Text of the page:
by Madeline Giscombe (Guest Blogger)
Alice Bedard-Voorhees (as seen in the image below with her 3D mini persona Alice Actionette) gave a quite interesting TCC presentation about the power of online crowds! From crowdsourcing and smart mobs the mechanisms for contribution and distribution are growing exponentially as more and more people start taking part in these online communities of creators, thinkers, and learners. Whether you’ve funded a project on Kickstarter or posted an image on Flickr Commons, you’ve likely been a part of this movement.
Alice touched on one of my favorite aspects of this newfound power of the crowd- makerspaces! Makerspaces are places where people get together and make…stuff! They can be physical or virtual and thrive on the sharing of ideas, resources, and know how. My favorite of the makerspaces that Alice discussed is MIT’s Scratch, an open-source game development environment aimed at teaching programming. Along the same lines of distributing and contributing knowledge through games, are Citizen Science Games. Citizen Science Games are online places where individuals with knowledge of a certain subject are encouraged to share their prowess in order to advance the general knowledge, address problems, and propose solutions. In other words, Citizen Science Games will someday save the world. Possibly the coolest example that Alice showed was a database created by the “crowd” that used a gameboard to look at the mutations and transfer of infectious diseases like Avian Flu.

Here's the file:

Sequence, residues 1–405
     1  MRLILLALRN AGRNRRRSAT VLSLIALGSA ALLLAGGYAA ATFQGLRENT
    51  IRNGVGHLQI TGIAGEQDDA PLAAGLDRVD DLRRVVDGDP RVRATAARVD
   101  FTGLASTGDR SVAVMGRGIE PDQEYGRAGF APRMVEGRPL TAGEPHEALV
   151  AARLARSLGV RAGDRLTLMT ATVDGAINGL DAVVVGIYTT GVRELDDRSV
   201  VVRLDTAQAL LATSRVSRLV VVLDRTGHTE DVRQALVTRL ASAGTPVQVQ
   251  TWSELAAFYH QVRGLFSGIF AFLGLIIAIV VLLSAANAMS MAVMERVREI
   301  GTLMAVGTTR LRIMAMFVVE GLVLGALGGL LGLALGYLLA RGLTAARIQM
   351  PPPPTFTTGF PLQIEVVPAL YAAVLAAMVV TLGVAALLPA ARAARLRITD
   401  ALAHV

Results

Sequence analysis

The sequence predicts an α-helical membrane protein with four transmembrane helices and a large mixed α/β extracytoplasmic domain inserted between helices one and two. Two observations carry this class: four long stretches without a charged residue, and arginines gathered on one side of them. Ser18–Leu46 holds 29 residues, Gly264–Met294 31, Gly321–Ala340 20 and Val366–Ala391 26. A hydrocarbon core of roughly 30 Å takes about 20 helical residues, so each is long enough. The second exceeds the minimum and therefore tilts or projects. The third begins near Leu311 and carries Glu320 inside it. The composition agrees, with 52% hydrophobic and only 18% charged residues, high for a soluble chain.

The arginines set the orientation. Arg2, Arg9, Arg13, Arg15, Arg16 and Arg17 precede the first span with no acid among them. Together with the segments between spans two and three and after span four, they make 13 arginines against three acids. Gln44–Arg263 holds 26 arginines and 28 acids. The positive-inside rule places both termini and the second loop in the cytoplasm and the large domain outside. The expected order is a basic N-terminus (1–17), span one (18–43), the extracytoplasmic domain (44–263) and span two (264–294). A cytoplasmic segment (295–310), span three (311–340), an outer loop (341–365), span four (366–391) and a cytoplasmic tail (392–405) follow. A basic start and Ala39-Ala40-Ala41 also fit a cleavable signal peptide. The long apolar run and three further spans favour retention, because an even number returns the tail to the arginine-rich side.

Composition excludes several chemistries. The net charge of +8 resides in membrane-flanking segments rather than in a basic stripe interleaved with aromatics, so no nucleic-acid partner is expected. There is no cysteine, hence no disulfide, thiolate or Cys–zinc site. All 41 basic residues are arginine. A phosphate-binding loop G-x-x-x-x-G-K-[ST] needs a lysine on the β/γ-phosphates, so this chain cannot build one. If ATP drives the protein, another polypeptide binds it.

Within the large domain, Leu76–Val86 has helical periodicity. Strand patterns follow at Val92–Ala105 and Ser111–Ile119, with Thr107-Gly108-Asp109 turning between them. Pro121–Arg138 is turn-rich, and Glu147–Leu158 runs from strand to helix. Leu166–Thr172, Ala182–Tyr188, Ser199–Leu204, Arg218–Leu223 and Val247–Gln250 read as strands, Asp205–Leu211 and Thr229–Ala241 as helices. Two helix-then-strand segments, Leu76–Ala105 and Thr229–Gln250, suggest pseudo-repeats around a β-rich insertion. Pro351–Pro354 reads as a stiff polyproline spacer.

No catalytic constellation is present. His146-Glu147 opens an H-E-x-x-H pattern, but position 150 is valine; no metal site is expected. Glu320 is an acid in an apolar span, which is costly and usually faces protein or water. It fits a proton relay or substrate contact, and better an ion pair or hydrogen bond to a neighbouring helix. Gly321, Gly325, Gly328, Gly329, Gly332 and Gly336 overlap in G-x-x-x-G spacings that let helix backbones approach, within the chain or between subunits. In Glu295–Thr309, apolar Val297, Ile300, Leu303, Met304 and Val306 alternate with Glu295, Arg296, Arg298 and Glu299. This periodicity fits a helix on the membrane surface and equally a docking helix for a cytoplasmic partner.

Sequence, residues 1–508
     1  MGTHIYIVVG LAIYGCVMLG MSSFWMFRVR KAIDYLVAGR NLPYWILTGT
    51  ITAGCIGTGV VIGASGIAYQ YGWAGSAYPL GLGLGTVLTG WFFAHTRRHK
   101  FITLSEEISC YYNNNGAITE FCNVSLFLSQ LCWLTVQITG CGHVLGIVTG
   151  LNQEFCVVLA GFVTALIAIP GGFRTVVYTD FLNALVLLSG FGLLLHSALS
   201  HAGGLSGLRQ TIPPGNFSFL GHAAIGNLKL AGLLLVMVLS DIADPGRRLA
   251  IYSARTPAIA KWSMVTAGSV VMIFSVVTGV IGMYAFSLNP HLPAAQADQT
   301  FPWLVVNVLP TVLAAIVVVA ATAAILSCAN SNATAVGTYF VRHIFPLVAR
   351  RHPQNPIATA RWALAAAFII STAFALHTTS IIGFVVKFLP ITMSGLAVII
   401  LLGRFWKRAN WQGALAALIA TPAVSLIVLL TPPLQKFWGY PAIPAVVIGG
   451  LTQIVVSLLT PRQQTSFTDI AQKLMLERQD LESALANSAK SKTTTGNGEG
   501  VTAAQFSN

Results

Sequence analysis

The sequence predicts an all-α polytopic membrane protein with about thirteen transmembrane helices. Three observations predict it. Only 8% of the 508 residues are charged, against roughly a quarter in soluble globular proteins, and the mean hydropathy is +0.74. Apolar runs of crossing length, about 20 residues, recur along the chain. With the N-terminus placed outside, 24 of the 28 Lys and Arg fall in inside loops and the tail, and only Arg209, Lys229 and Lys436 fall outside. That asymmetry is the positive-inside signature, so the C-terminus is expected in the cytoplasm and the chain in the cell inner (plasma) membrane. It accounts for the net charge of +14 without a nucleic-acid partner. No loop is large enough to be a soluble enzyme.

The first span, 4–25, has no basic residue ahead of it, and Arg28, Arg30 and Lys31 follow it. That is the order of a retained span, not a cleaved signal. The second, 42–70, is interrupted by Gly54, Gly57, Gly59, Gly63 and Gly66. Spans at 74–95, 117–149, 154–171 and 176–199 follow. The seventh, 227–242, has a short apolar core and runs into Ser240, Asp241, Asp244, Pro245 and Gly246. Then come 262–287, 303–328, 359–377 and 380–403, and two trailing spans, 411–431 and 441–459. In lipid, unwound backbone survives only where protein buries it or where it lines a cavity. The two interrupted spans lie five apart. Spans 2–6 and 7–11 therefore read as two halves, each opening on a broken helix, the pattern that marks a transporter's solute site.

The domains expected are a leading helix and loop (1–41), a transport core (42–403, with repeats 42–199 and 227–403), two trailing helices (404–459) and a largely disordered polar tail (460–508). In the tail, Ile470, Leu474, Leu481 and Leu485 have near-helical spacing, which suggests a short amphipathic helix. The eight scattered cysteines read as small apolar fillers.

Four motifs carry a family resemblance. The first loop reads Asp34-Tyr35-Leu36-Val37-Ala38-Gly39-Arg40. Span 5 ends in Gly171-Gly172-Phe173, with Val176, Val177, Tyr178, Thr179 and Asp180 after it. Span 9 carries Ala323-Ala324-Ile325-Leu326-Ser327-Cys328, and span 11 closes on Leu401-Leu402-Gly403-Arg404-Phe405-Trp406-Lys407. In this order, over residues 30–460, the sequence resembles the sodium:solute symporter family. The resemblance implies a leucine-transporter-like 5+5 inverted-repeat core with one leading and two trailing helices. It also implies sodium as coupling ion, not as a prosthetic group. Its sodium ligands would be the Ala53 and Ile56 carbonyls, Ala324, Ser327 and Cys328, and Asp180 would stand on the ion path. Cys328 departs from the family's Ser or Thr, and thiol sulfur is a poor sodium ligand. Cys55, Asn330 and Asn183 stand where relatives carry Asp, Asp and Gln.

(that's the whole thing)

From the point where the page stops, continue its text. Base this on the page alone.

Through the continual contribution and distribution of resources, we moving our society forward in new and exciting way. Alice gave a great presentation that addressed the different mechanisms and highlighted some really cool and interesting examples. If you missed her session, be sure to check out the recording here: http://2015.tcconlineconference.org/plenary-voorhees/.
To find out more about Alice, visit her in her online spaces: